Because of the sheer size of the Amon Carter Museum of American Art’s collection and the nature of objects that can deteriorate with exposure to light, such as artworks on paper, only a small portion of the entire collection can be seen at any given time. In addition to artworks, the museum collections include photographic negatives, historical ephemera, library books, and archive materials—hundreds of thousands of individual items, all of which are cataloged and stored for long-term preservation.
As the senior photographer for the museum, I get to see many items that rarely see the light of day. To bring these “dark collections” to light, I’ve been charged with selecting such artworks from our vaults and presenting them on the museum’s Tumblr page—making them available for all to enjoy. Be sure to tune in to our Tumblr page, where there will be a new work presented each week. Here’s a bit of a primer—a couple of items from deep in the vaults that have a connection to each other.
Ralph R. Doubleday (1881-1958), Yakami [sic] Canutt Bulldogger Deluxe, early twentieth century, photographic postcard
The photographic postcard above by rodeo photographer Ralph R. Doubleday shows Yakima Canutt (1895–1986) posing in the rodeo ring. Canutt was known for bulldogging and bronc riding and won the saddle-bronc competition at the Fort Worth rodeo three years in a row from 1921 to 1923, probably around the time this undated photo was taken. He went on to a career as an actor, stuntman, and action film director.
Canutt was hired to ride and act in Hollywood westerns in 1923 and appeared in several silent films. But when the movies transitioned to sound around 1928, Canutt chose to specialize in action and stunt work. He met actor John Wayne while performing as his stunt double in 1932. The two became friends and worked on techniques for stunts and on-screen fighting. Canutt was the inspiration for Wayne's trademark mannerisms, his drawling enunciation, and hip-rolling walk. John Wayne said, "I spent weeks studying the way Yakima Canutt walked and talked. He was a real cowhand."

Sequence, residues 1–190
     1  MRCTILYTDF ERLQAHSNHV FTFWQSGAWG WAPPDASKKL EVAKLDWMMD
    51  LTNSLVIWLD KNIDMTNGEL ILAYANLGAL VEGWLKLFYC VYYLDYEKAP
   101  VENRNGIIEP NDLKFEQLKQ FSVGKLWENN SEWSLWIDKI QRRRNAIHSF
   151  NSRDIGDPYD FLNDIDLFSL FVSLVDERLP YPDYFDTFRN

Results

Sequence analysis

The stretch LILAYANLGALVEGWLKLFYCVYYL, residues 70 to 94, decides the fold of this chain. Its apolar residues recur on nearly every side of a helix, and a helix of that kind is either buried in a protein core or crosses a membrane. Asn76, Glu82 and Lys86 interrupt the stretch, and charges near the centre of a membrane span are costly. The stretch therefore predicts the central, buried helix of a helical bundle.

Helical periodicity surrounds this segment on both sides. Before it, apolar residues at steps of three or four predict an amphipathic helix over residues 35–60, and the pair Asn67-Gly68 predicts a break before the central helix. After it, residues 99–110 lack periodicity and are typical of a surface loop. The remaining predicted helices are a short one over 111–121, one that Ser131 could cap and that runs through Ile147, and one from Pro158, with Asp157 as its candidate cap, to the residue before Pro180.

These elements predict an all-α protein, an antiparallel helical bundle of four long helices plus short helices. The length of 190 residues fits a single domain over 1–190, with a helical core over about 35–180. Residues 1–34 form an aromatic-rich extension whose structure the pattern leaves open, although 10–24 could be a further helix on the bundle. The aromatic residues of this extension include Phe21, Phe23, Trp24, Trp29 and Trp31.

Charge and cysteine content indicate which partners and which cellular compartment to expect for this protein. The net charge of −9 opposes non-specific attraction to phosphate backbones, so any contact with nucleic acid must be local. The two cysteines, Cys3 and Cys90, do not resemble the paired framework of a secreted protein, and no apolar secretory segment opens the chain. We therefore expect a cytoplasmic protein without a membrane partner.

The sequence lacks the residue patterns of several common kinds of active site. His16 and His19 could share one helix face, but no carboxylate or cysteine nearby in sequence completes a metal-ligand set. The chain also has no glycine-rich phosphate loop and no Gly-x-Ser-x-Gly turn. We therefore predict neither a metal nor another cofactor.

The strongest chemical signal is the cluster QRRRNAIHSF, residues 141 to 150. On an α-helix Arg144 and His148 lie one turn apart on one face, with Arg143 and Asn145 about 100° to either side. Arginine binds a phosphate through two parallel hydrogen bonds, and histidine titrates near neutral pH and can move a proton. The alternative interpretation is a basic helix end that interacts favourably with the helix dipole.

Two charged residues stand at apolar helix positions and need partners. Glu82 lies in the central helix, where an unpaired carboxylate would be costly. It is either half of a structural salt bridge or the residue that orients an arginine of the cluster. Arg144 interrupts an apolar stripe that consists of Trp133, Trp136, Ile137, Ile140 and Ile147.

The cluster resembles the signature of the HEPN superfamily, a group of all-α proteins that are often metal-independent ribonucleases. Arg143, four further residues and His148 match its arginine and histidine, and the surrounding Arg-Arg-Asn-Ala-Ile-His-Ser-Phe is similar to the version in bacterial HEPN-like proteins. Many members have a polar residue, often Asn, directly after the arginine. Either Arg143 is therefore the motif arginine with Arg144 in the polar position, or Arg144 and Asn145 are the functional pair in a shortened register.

Both men worked on John Ford's 1939 film Stagecoach, which features Canutt's daring stunt work running across the horses' rigging to jump astride the lead horse and take control of the runaway team.
Screen shot of Yakima doubling John Wayne doing wagon team stunt from John Ford's Stagecoach, 1939
The museum collection includes this screen-printed poster for Stagecoach.
Unknown, Stagecoach, after 1939, screen print
Although Wayne had been acting in Hollywood for ten years, his performance in Stagecoach proved to be his breakthrough role, leading to a legendary career. Stagecoach is considered one of the most influential films ever made. Orson Welles argued that it was a perfect textbook of film-making and claimed to have watched it more than forty times in preparation for the making of Citizen Kane. . . . See you next week on Tumblr!